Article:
Home' Trinidad and Tobago Guardian : June 11th 2015 Contents A60
Guardian www.guardian.co.tt Thursday, June 11, 2015
SANTIAGO---Lionel Messi and Ney-
mar aren t used to being upstaged.
It could happen as the Copa America
---the South American championship
---begins its 3 1/2-week run today in
the wake of the FIFA corruption scan-
dal that forced President Sepp Blatter
to announce his resignation.
Many of the corruption allegations
have centered on the governing body
of South American football. Its former
president, Nicolas Leoz of Paraguay,
was one of 14 people indicted by the
US Department of Justice two weeks
ago on charges of bribery, racketeering
Eugenio Figueredo of Uruguay, who
succeeded Leoz, was among seven FIFA
officials arrested in Zurich.
Messi and Argentina teammates Javier
Mascherano and Carlos Tevez have trav-
eled half way around the world from
the Champions League final in Berlin,
along with Brazil striker Neymar and
Chile players Arturo Vidal and Claudio
They ll need to put on a show to
claim back the main stage. But they are
sure to be jet-lagged while tending to
unfinished business from last year s
The major absence is Luis Suarez of
Uruguay, who is ineligible and still serv-
ing a ban for biting Giorgio Chiellini at
the World Cup.
The main story lines will revolve
around Argentina and Brazil. Argentina,
the loser in last year s World Cup final
against Germany, hasn t won a major
trophy in 22 years. The last was the
Brazil s 7-1 battering by Germany in
the World Cup semifinals will never be
forgotten, but it could be softened by
winning in Chile.
Colombia and Chile may have their
best teams in a generation. Even without
Suarez, defending champion Uruguay
is a factor.
Play opens Thursday with Chile play-
ing Ecuador in Santiago. Argentina plays
Saturday against Paraguay, and Brazil
faces Peru on Sunday in its opener. The
final is July 4.
No country in the world has more
talented forwards than Argentina: Messi,
Tevez, Gonzalo Higuain, Sergio Aguero
and Ezequiel Lavezzi.
And no player is under more pressure
than Messi, who was born in Argentina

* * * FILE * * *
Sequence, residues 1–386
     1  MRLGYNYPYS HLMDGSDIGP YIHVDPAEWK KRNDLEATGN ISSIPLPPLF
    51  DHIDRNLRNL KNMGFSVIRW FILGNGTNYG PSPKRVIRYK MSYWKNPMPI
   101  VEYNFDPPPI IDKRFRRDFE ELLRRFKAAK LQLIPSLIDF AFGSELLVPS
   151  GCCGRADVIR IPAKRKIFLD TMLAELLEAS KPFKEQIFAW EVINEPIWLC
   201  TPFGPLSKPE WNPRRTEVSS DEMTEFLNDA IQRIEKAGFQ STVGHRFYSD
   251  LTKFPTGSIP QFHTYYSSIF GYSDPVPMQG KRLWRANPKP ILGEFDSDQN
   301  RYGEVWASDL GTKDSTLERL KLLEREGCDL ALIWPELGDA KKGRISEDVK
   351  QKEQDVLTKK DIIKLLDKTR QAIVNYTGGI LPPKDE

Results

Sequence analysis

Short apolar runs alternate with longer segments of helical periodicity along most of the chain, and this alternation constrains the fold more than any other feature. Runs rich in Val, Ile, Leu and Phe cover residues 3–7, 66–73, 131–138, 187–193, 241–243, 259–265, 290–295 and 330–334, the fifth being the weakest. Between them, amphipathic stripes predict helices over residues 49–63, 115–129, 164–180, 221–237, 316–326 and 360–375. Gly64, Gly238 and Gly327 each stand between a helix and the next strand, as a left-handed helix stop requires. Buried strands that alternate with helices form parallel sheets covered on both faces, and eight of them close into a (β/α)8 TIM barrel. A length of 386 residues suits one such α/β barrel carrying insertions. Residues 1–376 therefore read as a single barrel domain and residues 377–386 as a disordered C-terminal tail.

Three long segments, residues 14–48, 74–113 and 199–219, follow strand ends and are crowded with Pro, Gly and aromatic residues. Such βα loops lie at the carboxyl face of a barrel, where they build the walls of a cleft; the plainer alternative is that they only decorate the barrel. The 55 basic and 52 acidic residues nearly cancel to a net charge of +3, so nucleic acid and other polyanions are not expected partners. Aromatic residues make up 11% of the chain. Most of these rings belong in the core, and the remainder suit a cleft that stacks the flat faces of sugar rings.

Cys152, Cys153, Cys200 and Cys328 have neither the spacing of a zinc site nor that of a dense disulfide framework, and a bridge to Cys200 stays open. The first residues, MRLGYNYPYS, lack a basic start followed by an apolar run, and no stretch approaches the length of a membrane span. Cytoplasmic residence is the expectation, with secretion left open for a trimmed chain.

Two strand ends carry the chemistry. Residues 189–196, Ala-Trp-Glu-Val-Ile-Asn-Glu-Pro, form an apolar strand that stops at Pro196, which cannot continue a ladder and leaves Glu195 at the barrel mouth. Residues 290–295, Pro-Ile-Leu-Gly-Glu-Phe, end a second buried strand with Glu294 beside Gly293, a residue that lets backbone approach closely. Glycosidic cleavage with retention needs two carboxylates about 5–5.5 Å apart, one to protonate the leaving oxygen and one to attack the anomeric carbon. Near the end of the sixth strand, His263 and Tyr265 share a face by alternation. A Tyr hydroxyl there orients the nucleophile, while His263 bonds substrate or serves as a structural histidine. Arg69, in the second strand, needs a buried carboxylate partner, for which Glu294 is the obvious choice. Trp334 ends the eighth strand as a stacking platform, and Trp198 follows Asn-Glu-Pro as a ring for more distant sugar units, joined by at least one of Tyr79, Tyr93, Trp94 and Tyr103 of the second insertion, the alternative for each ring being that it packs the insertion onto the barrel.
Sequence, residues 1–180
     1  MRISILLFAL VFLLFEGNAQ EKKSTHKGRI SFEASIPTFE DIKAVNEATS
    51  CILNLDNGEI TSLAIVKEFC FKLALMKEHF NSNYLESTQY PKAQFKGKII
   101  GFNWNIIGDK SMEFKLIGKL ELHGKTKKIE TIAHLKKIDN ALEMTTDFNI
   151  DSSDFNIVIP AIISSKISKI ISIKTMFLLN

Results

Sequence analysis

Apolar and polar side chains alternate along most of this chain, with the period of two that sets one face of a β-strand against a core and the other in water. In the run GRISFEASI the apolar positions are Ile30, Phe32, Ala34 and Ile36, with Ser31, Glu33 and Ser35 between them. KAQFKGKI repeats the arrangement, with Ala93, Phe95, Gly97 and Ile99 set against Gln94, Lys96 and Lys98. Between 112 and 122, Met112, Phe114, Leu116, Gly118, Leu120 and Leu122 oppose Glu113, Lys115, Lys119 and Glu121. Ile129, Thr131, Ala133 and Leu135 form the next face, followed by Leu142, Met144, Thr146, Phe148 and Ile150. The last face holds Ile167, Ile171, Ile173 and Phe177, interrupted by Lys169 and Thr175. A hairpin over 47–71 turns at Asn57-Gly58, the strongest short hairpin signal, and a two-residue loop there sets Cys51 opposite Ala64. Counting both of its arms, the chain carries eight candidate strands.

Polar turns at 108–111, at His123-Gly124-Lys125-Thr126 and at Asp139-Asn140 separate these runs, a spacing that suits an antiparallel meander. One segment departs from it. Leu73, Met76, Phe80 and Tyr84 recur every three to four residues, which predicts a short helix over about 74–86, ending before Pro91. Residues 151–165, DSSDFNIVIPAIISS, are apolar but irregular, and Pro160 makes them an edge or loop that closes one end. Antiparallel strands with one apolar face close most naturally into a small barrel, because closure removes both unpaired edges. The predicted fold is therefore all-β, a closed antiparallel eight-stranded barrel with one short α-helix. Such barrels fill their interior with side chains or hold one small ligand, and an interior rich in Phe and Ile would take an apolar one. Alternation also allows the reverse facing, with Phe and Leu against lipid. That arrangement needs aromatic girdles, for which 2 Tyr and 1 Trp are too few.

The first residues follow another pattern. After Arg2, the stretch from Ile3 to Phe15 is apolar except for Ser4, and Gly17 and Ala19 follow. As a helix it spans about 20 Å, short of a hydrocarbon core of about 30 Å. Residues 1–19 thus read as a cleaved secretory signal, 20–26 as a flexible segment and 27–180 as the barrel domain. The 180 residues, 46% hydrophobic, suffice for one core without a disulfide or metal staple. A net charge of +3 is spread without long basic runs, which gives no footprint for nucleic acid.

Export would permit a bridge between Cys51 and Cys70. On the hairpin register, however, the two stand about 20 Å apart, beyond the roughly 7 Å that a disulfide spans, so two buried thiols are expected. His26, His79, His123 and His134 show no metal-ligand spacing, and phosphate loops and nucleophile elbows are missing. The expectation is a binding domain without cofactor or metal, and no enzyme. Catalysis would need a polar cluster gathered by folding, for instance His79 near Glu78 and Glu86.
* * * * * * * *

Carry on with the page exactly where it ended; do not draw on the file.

but has lived much of his life in Spain.
He has yet to bring Argentina a team
title, the way Diego Maradona did, or
the way Pele did for Brazil.
Messi is fresh from Barcelona s 3-1
victory over Juventus in the Champions
League final. He s at his peak now, and
will be 31 at the next World Cup in
Russia in 2018. So many see this as his
"We have arrived at a special moment
in our careers," Messi wrote in the official
magazine of the Argentine Football
Association. "We came to the World
Cup and barely missed out on glory.
This gives us a push and makes us
strong for what s coming up. This is
not about revenge. We just want this
team to be remembered and be able to
leave our country well respected."
BRAZIL'S DAMAGED IMAGE
Brazil coach Dunga and many in the
country believe the loss to Germany
was a freak result.
"What happened in the World Cup
was something isolated," Dunga said.
"Everyone talks about the need to get
back respect, but Brazilian football is
still admired everywhere, the Brazilian
jersey is still being coveted a lot."
Dunga has won all nine of his matches
since taking over the national team after
the World Cup, with Brazil set to face
Honduras on Wednesday in its last
friendly before the Copa America.
Brazil has not placed as much impor-
tance on the tournament as it rivals. It
has won eight times compared to 15 for
Uruguay and 14 for Argentina.
Colombia has James Rodriguez and
Radamel Falcao, who missed last year s
World Cup with a knee injury.
"We have very good forwards in their
prime," Colombia coach Jose Pekerman
said, one of six Argentines coaching in
Remember, Colombia nearly upset
Brazil in last year s World Cup quar-
terfinals, losing 2-1.
Another Argentine coach is Jorge
Sampaoli, who has a so-called "Golden
Generation" with Chile led by Alexis
Sanchez, Vidal and Bravo.
"Were living through a generation of
fantastic football player," Sampaoli said.
Chile also went out narrowly against
Brazil, losing 3-2 on penalties after a
1-1 draw in the round of 16.
It may not be obvious, but the Copa
America might be nearly as difficult to
win as the World Cup.
The favorites are Chile, Colombia,
Brazil, Uruguay and Argentina. All five
reached the final 16 of the World Cup
in Brazil. Mexico, which plays with
Jamaica as one of two guest teams, also
reached the last 16, although Mexico is
fielding a weakened team in Chile.
Of those six, Brazil, Colombia and
Argentina reached the quarterfinals.
Argentina coach Gerardo Martino,
who recently replaced Alejandro Sabella,
has been critical of the scheduling by
UEFA, saying the governing body of
European soccer ignored the tight
schedule and the start of the Copa
"It could have been avoided," Martino
said, "to protect the football players so
they can play in all the events they
deserve to play in."
Messi, Neymar try
not to be upstaged
at Copa America
controls the ball
during a training
session in Porto
Alegre, Brazil, on
Brazil was to face
yesterday in a
preparation for the
Copa America which
begins today in
Chile. AP PHOTO
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